Restaurant review: Netsu is a new kind of high-end Japanese spot for Dubai
Who knew that toasted rice straw could set a restaurant apart?
The Mandarin Oriental Jumeira, Dubai is the new place to be seen in Dubai’s “old money” suburb of Jumeirah. Pick up your car from the valet at 10pm on a Friday night, and you’ll be waiting a while because this place is packed (glass half-full – you’ll get to ogle plenty of million-dirham cars while you wait). The busy new hotel is home to high-end Japanese restaurant Netsu. The city is not short of pricey sushi spots – think Okku, Zuma, Nobu and Morimoto – so does Netsu have what it takes to make a name for itself? We went down to check it out.
Where to sit and what to expect
In the cooler months, sit outside on the terrace for a resort vibe and a soundtrack of crashing waves. If you’d rather have a side of EDM while you dine, sit inside for a buzzy, high-end-restaurant feel.
We sat at the bar facing the kitchen, which was particularly entertaining: the curved and surprisingly comfortable wooden bar stools give an all-encompassing view of the kitchen, and face the warayaki grill. This traditional Japanese straw grill is the showpiece of the kitchen: it can reach 900°C and gives meat a smoky flavour.
Sit next to it and you’ll not only feel the warmth, but will also see dramatic flames and smell a distinct odour of toasted rice. Our waiter proudly told us that the straw used on the grill comes all the way from Kochi, Japan: discussing the provenance of rice straw with a waiter from Russia while sitting metres away from the Arabian Gulf was a very only-in-Dubai moment.
Who's eating there
On a Friday night, you’ll be surrounded by a cross section of high society: there was a table of six beautifully dressed Emirati women in their twenties to our left, a retirement-age couple from India behind us and a family of four from Australia battling the heat outside (their hint of sunburn and resort wear suggesting they were tourists rather than residents).
Netsu feels as high-end as Zuma and Okku, but the music isn’t so loud as to distract from your conversation.
The menu is split into many sections, and works well for groups so that you can sample a smorgasbord. It’s not purely Japanese, either: Korean flavours come through, too. One option is to select the signature tasting menu (Dh550), with which you can sample, among other things, the absolutely perfect Korean fried chicken, which is crispy on the outside and soft on the inside.
You’ll also get a signature piece of Wagyu on this selection, so that you can taste the smoky flavour the rice straw grill imparts; and the yellowtail tiradito (Dh78) – the generous slices of fish are flavoured with both heat and citrus, a nice twist.
The sides on offer at the restaurant also sing: “I’d come back just for the corn,” my dining partner said, satisfied, after sampling a perfectly seasoned cob smothered in kelp butter (a plate of which costs Dh55).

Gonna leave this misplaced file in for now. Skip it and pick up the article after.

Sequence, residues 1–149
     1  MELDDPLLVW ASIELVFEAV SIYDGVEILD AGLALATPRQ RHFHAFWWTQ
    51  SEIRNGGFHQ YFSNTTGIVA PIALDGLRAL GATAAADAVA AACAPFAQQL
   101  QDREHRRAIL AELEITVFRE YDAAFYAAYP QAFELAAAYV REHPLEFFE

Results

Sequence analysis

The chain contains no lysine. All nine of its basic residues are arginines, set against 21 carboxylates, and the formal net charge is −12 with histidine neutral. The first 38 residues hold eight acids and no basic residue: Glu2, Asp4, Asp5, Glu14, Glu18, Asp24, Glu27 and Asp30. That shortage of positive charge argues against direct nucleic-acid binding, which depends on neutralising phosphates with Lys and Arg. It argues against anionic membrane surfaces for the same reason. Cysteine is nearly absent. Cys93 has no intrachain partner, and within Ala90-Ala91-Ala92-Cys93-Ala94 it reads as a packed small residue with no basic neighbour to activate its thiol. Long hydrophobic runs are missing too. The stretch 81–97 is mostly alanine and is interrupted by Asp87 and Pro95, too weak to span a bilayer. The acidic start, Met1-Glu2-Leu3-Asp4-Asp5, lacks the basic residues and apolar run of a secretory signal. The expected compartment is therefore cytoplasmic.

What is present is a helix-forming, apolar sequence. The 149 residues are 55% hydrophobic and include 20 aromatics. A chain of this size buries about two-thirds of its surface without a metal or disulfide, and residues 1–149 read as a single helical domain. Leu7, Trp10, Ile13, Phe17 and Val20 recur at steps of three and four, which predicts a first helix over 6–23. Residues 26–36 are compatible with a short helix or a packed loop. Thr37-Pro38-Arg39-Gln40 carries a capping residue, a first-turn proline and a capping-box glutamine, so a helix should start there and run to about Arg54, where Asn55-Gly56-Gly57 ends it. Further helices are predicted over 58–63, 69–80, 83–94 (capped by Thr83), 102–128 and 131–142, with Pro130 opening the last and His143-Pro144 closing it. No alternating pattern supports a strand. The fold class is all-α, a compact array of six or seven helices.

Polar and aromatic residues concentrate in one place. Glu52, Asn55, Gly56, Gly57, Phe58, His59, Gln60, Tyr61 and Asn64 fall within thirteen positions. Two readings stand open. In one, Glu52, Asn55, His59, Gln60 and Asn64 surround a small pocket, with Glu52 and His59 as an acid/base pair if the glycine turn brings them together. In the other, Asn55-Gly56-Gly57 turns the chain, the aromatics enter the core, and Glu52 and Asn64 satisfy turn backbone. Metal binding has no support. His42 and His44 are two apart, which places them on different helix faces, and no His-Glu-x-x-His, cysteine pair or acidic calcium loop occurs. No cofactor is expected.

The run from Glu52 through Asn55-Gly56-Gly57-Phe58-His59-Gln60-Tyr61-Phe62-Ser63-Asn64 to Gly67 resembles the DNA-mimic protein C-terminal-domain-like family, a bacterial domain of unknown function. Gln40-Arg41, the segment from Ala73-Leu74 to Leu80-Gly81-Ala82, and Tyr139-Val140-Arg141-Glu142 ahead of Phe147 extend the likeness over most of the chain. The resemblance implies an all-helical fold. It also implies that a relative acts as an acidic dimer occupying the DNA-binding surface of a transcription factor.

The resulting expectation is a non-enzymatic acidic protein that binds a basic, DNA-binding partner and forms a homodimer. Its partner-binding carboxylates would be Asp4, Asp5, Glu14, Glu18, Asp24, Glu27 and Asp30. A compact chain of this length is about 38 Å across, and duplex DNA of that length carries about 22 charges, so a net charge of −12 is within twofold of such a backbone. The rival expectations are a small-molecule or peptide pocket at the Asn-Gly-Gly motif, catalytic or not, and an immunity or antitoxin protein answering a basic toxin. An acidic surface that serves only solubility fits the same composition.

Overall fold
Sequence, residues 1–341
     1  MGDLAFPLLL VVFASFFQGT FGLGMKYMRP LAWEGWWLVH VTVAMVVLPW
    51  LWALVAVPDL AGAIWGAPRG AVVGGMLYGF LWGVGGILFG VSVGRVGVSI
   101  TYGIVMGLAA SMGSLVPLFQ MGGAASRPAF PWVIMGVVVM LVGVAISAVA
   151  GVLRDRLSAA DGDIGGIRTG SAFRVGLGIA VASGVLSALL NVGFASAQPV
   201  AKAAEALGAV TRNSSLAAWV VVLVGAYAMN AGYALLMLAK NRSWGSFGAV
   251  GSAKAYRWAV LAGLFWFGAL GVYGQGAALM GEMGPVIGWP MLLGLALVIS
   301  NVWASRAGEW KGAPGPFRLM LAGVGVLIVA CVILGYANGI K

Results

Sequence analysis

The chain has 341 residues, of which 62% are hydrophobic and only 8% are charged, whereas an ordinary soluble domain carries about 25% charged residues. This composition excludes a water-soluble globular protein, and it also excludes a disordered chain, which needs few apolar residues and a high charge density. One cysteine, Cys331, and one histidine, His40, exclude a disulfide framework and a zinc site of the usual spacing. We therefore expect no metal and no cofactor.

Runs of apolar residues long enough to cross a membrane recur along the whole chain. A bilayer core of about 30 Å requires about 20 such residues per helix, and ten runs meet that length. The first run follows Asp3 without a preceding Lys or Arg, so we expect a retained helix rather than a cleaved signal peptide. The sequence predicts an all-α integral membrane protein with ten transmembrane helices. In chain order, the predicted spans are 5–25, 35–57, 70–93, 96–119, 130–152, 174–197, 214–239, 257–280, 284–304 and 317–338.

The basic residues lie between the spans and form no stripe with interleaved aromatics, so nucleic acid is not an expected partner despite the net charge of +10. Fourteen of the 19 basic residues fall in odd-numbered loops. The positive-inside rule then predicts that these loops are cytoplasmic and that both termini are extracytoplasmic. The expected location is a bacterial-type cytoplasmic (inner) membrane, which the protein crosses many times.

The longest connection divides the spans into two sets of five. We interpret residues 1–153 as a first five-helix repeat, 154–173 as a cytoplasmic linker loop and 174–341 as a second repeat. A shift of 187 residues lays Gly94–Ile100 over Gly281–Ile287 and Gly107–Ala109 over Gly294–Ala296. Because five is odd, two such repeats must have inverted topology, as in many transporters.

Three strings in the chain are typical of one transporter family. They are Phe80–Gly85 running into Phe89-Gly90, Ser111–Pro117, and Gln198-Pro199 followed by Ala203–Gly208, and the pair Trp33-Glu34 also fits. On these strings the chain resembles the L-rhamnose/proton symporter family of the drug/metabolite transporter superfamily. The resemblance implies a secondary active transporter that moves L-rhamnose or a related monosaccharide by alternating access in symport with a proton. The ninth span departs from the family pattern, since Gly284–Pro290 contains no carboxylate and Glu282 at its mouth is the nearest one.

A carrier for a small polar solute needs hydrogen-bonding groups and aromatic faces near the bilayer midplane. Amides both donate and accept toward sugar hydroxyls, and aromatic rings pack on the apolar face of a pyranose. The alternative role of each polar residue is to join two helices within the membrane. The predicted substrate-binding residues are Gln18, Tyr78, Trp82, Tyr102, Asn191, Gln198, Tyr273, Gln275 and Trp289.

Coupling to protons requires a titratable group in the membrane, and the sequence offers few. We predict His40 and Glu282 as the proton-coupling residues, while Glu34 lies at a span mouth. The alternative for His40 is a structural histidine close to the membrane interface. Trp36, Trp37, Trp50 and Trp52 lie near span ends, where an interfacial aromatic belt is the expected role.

Dessert-wise, you won’t want to pass on the chocolate fondant – an oozing, warming plate of chocolate with an umami kick thanks to lashings of miso in the caramel (Dh68).
Any of the steaks – you can plump for the Wagyu, or opt for a cheaper, but still very prime, cut of USDA beef. We’d recommend the latter, as it goes for Dh205 for 300 grams rather than an eye-watering Dh1,150 for 300g of Japanese Miyazaki Wagyu rib-eye.
Netsu takes its steak seriously, so no matter how pricey you go, you’ll still be able to glide through the cut with a dinner knife. The chefs baste the meat throughout the three-step grilling process, meaning there’s char from the dramatic flames, but also plenty of flavour.
A chat with the chef
The chef behind the concept is Ross Shonhan, who was once head chef at Zuma and Nobu in the UK, and is now the man behind London’s very successful Japanese comfort-food spot Bone Daddies.
He recommends the Wagyu beef short rib (cooked in the Korean bossam style; Dh350), but says the ultimate comfort food is the galbi-marinated beef rib with pickled red chillies (“It’s marinated for two days, grilled, it’s amazing”; Dh320).
Shonhan says Netsu is distinct from other high-end Japanese restaurants because it “does not even serve black cod miso” (an oversaturated dish, for sure). “Our focus is on lesser-known traditional beef dishes of Japan and new dishes specially created from our warayaki grill,” he says.
Price point and contact information
This restaurant isn’t cheap, but it can be either a date-night treat or a blowout, depending on how you order. You could get one meat main and a smattering of sides and a dessert to share for under Dh600, or you could blow your budget with one dish – the millionaire sandwich sets you back Dh1,000, comprising Wagyu beef between two slices of white bread with gold flakes. We would recommend the former.
For more information or to make a reservation, contact Netsu at the Mandarin Oriental Jumeira, Dubai, on 04 777 2232
This review was conducted at the invitation of the restaurant
Updated: July 27, 2019 03:59 PM